Table 13.14

Catalysts and reaction catalyzed

Catalyst

Reaction catalyzed

Base

Tris (dimethylaminomethyl phenol) (and its tri-2 ethylhexanoic acid salt)

Epoxy/polyamide, epoxy/polyamine, epoxy/novolac, epoxy/polysulfide, epoxy/epoxy

Dimetylaminomethyl phenol

Epoxy/polyamide or polyamine, epoxy/novolac, epoxy/polysulfide, epoxy/epoxy

Diazabicydoudecene and its ethyl hexanoic salt

Epoxy/novolac, epoxy/anhydrides

Nonyl phenol, phenol

Epoxy/polyamide, epoxy/polyamine

Benzyl dimethylamine

Epoxy/polyamide

1-Propylimidazle, 2-methylimidazole

2-Ehtyl-4-methyl imidazole and derivatives

Epoxy/epoxy, epoxy/dicyandiamide, epoxy/anhydride

Triethylene diamine

Epoxy/epoxy, epoxy/novolac, epoxy/amine, epoxy/acrylic, epoxy/polyester, isocyanate/hydroxyl (polyesters and acrylics)

Quaternary bases (benzyltrimethylammonium chloride)

Epoxy/dicyandiamide, epoxy/anhydride, epoxy/phenol

Acid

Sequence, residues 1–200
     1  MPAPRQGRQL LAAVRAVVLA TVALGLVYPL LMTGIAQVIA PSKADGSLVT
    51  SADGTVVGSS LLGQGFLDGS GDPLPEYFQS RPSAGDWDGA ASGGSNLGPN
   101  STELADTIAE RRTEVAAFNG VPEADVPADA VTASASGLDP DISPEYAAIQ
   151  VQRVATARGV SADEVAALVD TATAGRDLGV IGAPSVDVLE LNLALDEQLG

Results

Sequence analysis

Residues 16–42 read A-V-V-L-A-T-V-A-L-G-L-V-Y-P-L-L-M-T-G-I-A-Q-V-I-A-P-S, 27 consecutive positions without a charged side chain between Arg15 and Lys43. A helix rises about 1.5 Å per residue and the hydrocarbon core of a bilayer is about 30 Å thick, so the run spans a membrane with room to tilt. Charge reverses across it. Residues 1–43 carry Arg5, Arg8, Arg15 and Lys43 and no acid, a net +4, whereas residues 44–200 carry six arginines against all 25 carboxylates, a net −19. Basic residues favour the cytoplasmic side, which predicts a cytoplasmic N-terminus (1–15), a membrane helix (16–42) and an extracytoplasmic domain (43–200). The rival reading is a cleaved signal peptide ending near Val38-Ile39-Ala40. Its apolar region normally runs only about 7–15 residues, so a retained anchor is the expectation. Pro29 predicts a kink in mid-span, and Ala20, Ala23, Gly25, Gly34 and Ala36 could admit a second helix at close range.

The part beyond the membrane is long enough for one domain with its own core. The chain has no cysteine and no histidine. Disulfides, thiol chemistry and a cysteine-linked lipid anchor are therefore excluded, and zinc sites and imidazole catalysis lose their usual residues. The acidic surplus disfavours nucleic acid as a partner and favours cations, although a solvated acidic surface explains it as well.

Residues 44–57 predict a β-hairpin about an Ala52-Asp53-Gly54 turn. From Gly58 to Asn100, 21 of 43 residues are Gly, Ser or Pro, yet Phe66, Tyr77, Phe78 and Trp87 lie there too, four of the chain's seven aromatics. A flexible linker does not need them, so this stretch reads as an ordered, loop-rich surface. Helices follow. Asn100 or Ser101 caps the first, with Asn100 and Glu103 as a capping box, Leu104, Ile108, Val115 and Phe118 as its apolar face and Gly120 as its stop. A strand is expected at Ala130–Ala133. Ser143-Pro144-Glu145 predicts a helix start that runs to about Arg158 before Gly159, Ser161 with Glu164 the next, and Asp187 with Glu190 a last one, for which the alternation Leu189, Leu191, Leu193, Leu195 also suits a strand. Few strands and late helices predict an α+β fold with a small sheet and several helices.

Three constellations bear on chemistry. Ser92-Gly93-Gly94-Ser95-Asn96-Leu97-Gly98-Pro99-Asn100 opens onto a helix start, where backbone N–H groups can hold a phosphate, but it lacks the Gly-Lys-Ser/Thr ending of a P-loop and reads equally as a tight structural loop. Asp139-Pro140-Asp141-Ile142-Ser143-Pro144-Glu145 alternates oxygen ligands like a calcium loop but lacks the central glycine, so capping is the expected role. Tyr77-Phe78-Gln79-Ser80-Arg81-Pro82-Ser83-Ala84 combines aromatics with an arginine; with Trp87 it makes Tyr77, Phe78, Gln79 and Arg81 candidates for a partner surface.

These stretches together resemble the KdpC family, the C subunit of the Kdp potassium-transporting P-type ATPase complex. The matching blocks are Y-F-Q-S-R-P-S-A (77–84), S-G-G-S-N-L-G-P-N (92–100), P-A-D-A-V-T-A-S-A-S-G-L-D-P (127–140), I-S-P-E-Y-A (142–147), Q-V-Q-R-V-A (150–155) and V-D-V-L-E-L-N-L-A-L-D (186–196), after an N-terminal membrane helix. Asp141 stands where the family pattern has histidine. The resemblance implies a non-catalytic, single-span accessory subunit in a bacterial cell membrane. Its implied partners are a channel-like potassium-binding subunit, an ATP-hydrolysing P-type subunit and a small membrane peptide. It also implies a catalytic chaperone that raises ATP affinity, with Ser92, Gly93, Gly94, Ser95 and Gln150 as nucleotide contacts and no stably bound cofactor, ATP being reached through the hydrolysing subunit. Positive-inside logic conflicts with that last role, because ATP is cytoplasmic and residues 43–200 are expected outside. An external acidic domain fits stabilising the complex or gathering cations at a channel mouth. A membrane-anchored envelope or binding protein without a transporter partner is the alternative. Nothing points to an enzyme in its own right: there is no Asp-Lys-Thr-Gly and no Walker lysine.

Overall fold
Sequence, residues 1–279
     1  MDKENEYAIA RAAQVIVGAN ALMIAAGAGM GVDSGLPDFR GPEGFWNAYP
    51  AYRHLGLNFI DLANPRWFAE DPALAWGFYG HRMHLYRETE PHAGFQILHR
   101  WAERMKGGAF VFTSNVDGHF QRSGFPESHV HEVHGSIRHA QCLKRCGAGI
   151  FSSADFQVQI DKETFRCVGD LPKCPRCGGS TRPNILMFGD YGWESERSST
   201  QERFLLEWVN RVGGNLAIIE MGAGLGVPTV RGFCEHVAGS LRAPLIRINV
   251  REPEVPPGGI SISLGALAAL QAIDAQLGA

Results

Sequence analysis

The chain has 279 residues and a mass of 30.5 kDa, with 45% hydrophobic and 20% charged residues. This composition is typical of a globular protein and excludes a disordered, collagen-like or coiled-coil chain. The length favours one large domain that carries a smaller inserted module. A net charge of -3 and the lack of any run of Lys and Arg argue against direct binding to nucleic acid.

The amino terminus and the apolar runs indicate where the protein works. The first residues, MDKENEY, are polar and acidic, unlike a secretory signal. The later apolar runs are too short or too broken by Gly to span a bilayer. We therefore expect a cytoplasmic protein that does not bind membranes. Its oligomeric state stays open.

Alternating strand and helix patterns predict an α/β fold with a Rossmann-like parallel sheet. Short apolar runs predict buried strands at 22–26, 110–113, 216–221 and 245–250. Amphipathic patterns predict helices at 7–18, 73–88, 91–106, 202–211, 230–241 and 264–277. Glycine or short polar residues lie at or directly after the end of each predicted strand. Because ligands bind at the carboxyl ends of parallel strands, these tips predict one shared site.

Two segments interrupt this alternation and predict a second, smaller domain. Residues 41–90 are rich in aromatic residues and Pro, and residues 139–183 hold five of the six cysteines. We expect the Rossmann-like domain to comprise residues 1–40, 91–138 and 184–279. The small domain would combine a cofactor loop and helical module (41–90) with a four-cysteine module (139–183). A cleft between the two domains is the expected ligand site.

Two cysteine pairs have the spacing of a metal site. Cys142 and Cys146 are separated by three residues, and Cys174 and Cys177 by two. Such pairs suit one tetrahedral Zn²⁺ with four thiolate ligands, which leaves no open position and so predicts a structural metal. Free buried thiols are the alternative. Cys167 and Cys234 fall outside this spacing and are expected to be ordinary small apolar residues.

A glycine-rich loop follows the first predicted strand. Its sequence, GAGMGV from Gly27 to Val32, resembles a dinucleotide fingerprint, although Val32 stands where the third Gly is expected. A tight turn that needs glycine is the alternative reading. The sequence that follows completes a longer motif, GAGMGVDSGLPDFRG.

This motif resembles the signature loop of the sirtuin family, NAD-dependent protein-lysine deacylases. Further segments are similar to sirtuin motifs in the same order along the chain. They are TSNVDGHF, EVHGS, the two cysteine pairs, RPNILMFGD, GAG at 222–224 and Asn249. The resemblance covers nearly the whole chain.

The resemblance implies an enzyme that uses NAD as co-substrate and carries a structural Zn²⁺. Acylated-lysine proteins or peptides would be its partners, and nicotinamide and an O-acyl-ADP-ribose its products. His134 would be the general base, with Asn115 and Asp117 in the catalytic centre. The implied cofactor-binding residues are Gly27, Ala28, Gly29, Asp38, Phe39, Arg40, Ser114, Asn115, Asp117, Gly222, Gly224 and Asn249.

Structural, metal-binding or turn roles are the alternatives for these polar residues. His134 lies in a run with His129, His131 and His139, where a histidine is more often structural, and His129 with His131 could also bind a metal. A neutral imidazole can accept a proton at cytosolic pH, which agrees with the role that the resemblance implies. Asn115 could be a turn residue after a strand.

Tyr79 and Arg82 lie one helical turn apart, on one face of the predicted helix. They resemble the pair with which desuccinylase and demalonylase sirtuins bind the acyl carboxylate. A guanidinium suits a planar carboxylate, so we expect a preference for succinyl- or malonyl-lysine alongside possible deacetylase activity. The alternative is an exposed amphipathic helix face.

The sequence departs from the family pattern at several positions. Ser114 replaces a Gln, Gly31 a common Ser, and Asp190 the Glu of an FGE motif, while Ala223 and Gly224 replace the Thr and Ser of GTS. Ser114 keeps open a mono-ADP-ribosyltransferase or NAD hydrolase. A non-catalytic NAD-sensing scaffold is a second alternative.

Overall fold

Paratoluene sulfonic acid (and its morpholine salt)

Epoxy/amino, epoxy/phenolic resole, alkyd/amino

Phosphoric acid

Epoxy/amino, epoxy/phenolic resole, alkyd/amino

Butyl phosphoric acid

Epoxy/amino, epoxy/phenolic resole, alkyd/amino

Acid ethyl phosphate

Epoxy/amino, epoxy/phenolic resole, alkyd/amino

Boron trifluoride monoethylamine

Epoxy/epoxy, epoxy/anhydride

Salicylic acid

Epoxy/amine (particularly cycloaliphatic and aromatic amines)

Metallics

Dibutyl tin dilaurate

Isocyanate/hydroxyl

Cobalt naphthenate, octoate systems, etc.

Isocyanate (aromatic)/hydroxyl, oxidizing, vinyl ester, acrylated epoxies and acrylated urethanes, silicone/silicone, polyester/polyester, cyanate ester trimerization, cyanate ester/epoxy

Tin naphthenate, octoate, etc.

Isocyanate/hydroxyl

Zinc naphthenate, octoate systems, etc.